- He says that mind and body are fused or blended into something like a single whole. What considerations lead him to this conclusion? How does he reconcile it with his mind/body distinction?
- If the mind is unified, what becomes of the apparently separate 'faculties' of the mind? Can we dispense with the 'faculty' view of mind and say that there is one mind that wills, perceives, understands, and so on?
- What is the relation of the mind to the brain?
- How does he reconcile his claims that the senses often deceive us when we are ill, that God creates illness, and that God is not a deceiver?
- How does he show that our senses, while fallible, are nevertheless generally reliable?
- How does he finally answer the dream argument for doubt? How can we tell that we are not dreaming (when we are not dreaming)?
Spinoza, Emendation of the Intellect, pp. 233-250
- What is the connection between the initial discussion of happiness or blessedness and the subsequent discussion of epistemology?
- Why is intuitive knowledge superior to other kinds of knowledge?
- How does he answer the skeptics?
- What is the point of the iron hammer analogy?
- How seriously should we take the hints here that he affirms the Socratic theory of recollection?
- Descartes also hinted (in the fifth Meditation) that he affirmed it. In retrospect, did he really affirm it?
- What is the connection between the theory of recollection and 'rationalism'?
- Why does he say that to know something is to know that we know it?
- What does he mean when he says that truth is certainty? Or when he says that truth is its own criterion?
- When we do philosophy methodically, is our first idea the idea of God? Or simply any true idea?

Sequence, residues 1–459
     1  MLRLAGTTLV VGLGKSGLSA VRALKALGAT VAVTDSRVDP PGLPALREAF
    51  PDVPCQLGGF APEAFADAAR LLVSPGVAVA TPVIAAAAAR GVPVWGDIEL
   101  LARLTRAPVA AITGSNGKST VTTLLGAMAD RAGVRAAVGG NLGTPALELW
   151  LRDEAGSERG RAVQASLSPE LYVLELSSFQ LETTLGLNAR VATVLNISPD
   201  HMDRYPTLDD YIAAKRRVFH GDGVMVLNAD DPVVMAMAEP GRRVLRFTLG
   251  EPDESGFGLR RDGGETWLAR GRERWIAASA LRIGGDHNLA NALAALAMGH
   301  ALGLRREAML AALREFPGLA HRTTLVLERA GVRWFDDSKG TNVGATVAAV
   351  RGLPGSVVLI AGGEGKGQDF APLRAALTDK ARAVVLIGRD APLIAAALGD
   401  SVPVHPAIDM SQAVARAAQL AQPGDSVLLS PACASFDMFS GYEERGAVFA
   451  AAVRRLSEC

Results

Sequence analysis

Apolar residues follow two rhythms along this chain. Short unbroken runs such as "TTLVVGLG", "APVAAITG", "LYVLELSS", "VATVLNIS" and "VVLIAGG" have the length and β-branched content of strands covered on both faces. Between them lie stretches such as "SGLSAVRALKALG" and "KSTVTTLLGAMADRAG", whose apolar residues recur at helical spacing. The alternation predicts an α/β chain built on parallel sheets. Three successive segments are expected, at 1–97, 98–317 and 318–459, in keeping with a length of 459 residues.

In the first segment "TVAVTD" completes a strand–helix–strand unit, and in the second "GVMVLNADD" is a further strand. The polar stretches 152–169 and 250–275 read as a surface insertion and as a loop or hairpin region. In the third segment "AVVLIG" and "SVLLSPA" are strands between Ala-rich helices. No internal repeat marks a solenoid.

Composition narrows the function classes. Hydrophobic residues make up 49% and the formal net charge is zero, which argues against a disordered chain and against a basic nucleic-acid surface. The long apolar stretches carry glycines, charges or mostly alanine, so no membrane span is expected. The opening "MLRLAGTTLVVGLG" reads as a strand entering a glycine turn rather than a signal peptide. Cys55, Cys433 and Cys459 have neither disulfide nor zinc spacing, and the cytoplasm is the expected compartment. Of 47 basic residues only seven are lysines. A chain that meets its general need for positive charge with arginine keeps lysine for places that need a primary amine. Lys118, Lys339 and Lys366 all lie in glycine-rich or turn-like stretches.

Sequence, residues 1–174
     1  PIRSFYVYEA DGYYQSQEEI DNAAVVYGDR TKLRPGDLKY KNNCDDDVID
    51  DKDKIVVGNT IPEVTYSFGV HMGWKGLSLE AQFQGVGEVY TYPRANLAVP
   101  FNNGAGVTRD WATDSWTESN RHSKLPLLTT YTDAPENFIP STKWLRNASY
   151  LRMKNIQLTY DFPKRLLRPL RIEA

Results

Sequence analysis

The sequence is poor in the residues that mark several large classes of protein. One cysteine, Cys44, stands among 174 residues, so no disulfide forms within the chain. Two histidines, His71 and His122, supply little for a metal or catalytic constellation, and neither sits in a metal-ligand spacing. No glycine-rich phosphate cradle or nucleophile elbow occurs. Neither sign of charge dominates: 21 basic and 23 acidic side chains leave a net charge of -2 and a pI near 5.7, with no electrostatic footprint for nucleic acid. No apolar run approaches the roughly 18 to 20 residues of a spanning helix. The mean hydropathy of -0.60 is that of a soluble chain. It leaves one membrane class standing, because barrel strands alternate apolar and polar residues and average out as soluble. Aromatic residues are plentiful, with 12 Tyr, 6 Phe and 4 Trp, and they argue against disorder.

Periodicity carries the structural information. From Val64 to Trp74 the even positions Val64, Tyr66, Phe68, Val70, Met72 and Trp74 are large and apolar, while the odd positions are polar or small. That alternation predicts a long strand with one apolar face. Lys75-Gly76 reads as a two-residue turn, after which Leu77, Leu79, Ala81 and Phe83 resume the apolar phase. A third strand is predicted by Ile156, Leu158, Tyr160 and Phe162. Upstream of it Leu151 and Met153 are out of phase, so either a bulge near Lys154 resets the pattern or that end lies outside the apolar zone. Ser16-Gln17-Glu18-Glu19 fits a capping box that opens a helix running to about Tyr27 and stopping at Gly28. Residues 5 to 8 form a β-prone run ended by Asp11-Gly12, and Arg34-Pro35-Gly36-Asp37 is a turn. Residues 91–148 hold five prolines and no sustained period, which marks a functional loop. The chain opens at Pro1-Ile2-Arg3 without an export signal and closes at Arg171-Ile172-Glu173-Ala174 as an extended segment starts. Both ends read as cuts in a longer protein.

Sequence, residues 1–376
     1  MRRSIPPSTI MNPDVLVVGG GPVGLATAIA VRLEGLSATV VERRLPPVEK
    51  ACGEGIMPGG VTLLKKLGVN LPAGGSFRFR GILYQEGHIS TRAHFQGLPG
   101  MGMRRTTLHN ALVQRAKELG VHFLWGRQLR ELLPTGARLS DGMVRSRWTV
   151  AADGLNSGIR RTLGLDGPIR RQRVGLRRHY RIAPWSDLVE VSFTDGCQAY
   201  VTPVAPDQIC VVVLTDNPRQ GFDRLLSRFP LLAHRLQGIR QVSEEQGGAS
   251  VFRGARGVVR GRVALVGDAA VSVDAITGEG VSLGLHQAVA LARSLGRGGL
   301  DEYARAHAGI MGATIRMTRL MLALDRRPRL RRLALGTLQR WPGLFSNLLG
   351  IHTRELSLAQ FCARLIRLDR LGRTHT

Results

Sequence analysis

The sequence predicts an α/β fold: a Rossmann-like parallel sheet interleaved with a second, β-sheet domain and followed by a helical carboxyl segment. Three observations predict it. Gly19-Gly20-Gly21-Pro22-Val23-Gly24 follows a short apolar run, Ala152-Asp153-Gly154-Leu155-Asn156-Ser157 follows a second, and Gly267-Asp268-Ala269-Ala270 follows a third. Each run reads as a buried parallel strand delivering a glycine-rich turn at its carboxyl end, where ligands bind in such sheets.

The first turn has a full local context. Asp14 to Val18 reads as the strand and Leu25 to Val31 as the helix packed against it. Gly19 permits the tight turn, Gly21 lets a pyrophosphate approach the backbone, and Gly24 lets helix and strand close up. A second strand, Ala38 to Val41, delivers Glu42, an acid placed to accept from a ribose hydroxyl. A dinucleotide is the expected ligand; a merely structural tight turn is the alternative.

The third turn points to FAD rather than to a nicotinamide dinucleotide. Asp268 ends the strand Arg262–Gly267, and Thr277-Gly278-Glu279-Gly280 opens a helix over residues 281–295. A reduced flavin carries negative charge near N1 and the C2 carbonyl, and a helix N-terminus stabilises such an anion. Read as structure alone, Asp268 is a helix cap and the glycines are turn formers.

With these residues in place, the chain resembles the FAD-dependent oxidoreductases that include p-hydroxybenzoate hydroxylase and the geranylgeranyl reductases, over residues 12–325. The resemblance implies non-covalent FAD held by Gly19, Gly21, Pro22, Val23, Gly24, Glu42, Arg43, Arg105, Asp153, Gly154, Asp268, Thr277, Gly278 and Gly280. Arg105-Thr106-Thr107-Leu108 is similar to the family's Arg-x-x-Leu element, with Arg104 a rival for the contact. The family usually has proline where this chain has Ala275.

- Why does he emphasize the importance of the order of our ideas?
- Does he mean the same thing by clarity and distinctness that Descartes meant?
- How does he define possibility, impossibility, and necessity?
- Is his view that error is privation the same as Descartes'?
- Why are all simple ideas true?
Spinoza, Emendation of the Intellect, pp. 250-262
- Why does the distinction between true and false ideas depend not on their external objects but on the intrinsic nature of the ideas themselves?
- Why does he say that the mind naturally forms true ideas?
- What is his objection to general ideas, abstractions, and universals?
- What is the connection between his critique of abstraction and his pantheism (the view that God is the world, not distinct from it)?
- How literally should we take his assertions of pantheism?
- In what sense are our minds fragments of a bigger mind, and how would that explain error?
- How many separate sources of error does Spinoza identify? Can you disentangle them?
- What is the distinction between self-existent and derived things? How does knowledge of one differ from knowledge of the other?
- What is a good definition for Spinoza? How does it differ from what we are used to finding in a dictionary?
- Why can't mutable things be or be conceived without eternal things?
Spinoza, Ethics, Part I, through Prop. 17
- Are the definitions at the beginning of the Ethics the kind described toward the end of the "Treatise on the Emendation of the Intellect"?
- We know how Spinoza would reply to a reader who dissented from his propositions; he'd refer the reader back to the axioms and definitions. But how would he reply to a reader who dissented from his axioms and definitions?
- What are the distinctions among substance, attributes, and modes?
- What does it mean for God or substance to have an infinite number of attributes?
- Does Spinoza have both an ontological argument and a cosmological argument for God's existence?
- In what sense is God's existence proved and in what sense is it merely assumed?
- Do you see how pantheism follows (ultimately) from his definition of substance?
- In what sense is God a cause?
- Why is there only one substance, hence only one God?
- How does Spinoza's one substance differ from what Descartes called extended substance?
- Why does Spinoza conclude that all possibilities are actual?
- In what sense is God free and in what sense not?
- Why do you think Spinoza was often regarded as an atheist?
- In general do you find his proofs to be rigorous?
Spinoza, Ethics, Part I, through Prop. 36
- In what sense are things caused by other things in an infinite regress, and in what sense are they caused by God? Can these two claims be reconciled?
- In what sense is God the 'first cause' of all things if they don't have a first cause but are caused by other things in an infinite regress? Can these two claims be reconciled?